Banning Suppliers? This is wider than Bain & Co

Bain and Co

In early August 2022 news spread that the UK government banned Bain & Co. One of the largest consulting companies in the world, banned for three years from doing work for the UK government. The reason given: “Bain & Co is guilty of grave professional misconduct which renders its integrity questionable” due to their state capture work in South Africa.

Shaun Scott“But why has the South African government not done the same as their UK counterparts, for work carried out in South Africa?”, asks Shaun Scott, Author of Public Procurement and Supply Chain Management.

“Athol Williams blew the whistle on Bain & Co in 2019. He submitted his 700-page affidavit to the State Capture Commission in July 2020 and testified in March 2021. As a previous partner at Bain, he was a credible witness. His evidence was more detailed and damning than that presented to the Nugent Commission.”

“The Nugent Commission used the words “Deep Collusion” to describe Bain’s involvement at SARS. Athol Williams used those words in the title of his recent book. The State Capture Commission used the words “unlawful”. These conclusions would typically result the debarment of an entity from doing work for government. Yet in South Africa there has been no such action against Bain & Co.”

“Debarment is an accepted practice used worldwide by public procurement bodies. It prohibits a company or an individual from participating in public procurement for a specified period. In South Africa, we refer to the practice as “restricted”, “Says Scott.

“The Special Investigation Unit (SIU) December 2021 report into procurement failures during the National State of Disaster, sometimes referred to as the PPE Corruption Report, recommended that many suppliers and directors be “restricted”. A recent review of National Treasury’s “Database of Restricted Suppliers” shows that none of the companies referred for restriction, have been restricted.”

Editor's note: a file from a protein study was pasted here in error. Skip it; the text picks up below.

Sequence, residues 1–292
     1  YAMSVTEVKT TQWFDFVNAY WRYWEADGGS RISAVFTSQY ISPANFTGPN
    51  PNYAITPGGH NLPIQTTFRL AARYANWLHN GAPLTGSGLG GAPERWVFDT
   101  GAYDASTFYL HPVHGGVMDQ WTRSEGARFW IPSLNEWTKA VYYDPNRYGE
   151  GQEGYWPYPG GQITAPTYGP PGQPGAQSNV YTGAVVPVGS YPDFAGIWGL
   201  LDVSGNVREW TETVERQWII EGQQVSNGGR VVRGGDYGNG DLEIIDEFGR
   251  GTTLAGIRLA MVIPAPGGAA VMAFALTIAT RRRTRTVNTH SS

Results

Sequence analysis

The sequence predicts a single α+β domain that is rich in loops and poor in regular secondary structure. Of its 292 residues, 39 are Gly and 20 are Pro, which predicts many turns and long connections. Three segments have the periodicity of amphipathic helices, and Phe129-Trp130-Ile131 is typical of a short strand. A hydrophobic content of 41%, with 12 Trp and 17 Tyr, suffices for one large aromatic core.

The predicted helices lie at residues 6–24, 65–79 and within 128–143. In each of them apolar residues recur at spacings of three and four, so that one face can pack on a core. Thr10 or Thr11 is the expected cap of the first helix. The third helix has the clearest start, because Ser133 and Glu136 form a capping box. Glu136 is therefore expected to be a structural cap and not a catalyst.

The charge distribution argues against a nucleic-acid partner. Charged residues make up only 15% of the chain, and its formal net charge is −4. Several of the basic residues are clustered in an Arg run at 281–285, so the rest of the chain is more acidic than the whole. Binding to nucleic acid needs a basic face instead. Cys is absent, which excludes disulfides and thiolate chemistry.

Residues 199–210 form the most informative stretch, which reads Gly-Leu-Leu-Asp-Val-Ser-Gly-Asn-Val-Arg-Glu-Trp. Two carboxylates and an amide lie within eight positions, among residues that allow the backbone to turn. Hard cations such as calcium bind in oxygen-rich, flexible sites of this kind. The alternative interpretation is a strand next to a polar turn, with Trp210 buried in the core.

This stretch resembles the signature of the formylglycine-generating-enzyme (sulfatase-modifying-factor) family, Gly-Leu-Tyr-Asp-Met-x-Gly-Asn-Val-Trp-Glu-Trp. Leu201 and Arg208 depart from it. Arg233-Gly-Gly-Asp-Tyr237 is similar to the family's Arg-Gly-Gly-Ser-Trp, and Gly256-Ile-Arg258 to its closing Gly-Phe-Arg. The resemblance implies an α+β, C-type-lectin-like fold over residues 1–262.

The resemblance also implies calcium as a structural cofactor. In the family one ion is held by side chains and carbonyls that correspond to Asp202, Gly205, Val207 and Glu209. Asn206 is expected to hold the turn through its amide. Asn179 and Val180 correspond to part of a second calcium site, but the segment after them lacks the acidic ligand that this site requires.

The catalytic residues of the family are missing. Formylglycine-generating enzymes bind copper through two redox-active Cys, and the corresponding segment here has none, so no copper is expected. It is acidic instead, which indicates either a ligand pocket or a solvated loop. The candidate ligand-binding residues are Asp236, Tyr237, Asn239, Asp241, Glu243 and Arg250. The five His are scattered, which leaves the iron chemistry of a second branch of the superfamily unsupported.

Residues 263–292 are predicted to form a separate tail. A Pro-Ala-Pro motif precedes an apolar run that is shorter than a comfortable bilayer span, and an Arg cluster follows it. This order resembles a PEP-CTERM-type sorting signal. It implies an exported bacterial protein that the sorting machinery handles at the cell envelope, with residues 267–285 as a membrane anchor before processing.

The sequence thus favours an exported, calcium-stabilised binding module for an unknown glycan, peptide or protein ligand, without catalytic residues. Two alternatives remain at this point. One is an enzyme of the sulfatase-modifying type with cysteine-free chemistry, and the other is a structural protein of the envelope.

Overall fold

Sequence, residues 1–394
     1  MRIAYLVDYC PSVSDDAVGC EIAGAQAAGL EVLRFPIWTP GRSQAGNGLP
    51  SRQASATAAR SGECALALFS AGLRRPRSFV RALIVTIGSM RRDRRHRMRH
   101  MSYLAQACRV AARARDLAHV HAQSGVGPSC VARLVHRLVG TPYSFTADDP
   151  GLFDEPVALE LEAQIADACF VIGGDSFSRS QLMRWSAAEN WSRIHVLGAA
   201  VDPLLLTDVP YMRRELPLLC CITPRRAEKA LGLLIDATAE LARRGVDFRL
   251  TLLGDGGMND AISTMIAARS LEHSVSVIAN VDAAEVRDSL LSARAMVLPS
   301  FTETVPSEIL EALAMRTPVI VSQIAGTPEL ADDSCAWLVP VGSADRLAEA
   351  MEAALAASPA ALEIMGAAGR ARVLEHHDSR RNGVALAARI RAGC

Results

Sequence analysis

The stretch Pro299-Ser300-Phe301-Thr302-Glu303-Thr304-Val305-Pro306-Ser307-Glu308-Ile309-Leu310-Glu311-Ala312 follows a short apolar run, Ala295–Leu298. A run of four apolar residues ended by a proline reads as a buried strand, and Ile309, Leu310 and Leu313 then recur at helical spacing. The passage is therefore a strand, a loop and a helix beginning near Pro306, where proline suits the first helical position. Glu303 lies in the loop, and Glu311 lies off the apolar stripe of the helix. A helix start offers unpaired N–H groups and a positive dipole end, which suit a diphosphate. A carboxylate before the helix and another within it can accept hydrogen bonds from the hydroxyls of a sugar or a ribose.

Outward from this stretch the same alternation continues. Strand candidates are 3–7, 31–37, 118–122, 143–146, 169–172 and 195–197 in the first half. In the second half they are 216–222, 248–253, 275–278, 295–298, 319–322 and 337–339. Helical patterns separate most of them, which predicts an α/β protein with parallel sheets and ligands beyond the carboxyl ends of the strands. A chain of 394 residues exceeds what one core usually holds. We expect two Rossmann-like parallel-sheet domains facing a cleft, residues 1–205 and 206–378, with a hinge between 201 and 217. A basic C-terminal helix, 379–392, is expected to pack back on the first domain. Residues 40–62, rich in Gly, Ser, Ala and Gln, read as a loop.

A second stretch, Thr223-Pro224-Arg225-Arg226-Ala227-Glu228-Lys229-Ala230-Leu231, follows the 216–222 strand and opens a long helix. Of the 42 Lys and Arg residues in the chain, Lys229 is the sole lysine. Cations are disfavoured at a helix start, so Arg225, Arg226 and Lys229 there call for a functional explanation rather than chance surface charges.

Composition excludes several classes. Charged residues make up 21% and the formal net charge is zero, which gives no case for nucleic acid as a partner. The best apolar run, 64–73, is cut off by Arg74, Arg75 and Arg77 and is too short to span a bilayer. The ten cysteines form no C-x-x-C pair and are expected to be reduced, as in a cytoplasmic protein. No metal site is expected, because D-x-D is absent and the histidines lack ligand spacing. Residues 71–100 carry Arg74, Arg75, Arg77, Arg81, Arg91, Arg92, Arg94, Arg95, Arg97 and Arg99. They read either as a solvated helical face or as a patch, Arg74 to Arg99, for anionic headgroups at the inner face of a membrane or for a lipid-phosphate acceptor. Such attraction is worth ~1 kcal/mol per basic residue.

“The August 2022 version of the “Database of Restricted Suppliers” lists 113 companies and individuals. Not many, considering the almost R1trillion that the procurement sector spends each year. Only 4 suppliers and their directors were restricted in 2021. So far in 2022, two suppliers and one director has been restricted.”

“One reason for the difficulties lies in the process. The process, confirmed by National Treasury in their 31 March 2022 Instruction 03, requires the restriction to be initiated by the institution where the infringement occurred.”

“In the Bain example, SARS will have to initiate the process. In many of the SIU cases, the Gauteng Department of Health will have to initiate the process. In these institutions, this is tantamount to blowing the whistle.”

“The individuals that initiate the process open themselves to the pressures that whistle blowers face. As we know, whistle-blowers are not protected. Ask Athol Williams.”

The answer possibly lies in two areas.

“The first is the creation of a more formalised “Debarment and Restriction” capability. This has been part of the success at the World Bank where they have a two-tier system comprising the Office of Suspension and Debarment and a Sanctions Board. Where this capability should reside in South Africa, is a key structural question related to the Public Procurement Bill, published in 2020.”

“The second answer lies with the Auditor General of South Africa (AGSA). This entity must become more deliberate at recommending that the institution restrict the suppliers involved in the abuse of the SCM system. Attention is placed on the consequence management of the individuals involved in irregular expenditure, but more focus is needed on the consequence suppliers should suffer. The AG’s scope does not extend to external suppliers, but the least they can do is ensure the public institution initiates the restriction process,” Scott Concludes

Shaun Scott recently did a Q&A on this topic..
Watch Q&A video now

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